Stanford White pp 208-212 | Cite as

The Festive Diana

  • Charles C. Baldwin


But it was the tower, and not the amphitheatre, that made the Garden a success—as a building and as a symbol of gaiety in a world of cross-purposes and complaint. Atop the tower, silhouetted against the sky, tiptoed Diana, St. Gaudens’ Diana, maid of the moon, and soon (such is our contempt for moon maidens) the butt of every scribbler’s wit—as witness this from the Mercury:

During the past two weeks there has been a marked change in the character of the frequenters of Madison Square. Formerly this beautiful little park was the gathering place of children. Now all this is changed. Occasionally a stray child may still be seen, but more generally what children come there are rushed through at breakneck speed in the tow of a nurse or some other older person. In their place the Square is now thronged with clubmen armed with field glasses. Where babyhood once disported itself, today elderly gentlemen, Delmonico elegants, Casino Johnnies and every other variety of local dude linger in listless idleness. So complete a transformation arouses a not unnatural curiosity; and the Mercury reporter remarked as much to the park policeman.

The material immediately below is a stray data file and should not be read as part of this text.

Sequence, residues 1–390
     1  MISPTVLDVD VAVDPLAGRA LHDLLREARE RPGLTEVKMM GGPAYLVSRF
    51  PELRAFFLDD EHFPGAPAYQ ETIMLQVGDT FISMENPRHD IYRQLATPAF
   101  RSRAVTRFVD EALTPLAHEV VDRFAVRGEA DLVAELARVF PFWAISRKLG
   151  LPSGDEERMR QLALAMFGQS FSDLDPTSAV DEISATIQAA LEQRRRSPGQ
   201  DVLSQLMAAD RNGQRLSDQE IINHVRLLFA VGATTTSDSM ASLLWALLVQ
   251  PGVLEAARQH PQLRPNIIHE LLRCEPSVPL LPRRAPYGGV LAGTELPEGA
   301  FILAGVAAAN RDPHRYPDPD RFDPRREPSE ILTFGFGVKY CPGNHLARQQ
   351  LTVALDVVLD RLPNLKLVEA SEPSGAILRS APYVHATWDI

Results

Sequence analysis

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  1. 1.
    She was eighteen feet six inches tall, of beaten copper.Google Scholar

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© Charles C. Baldwin 1931

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  • Charles C. Baldwin

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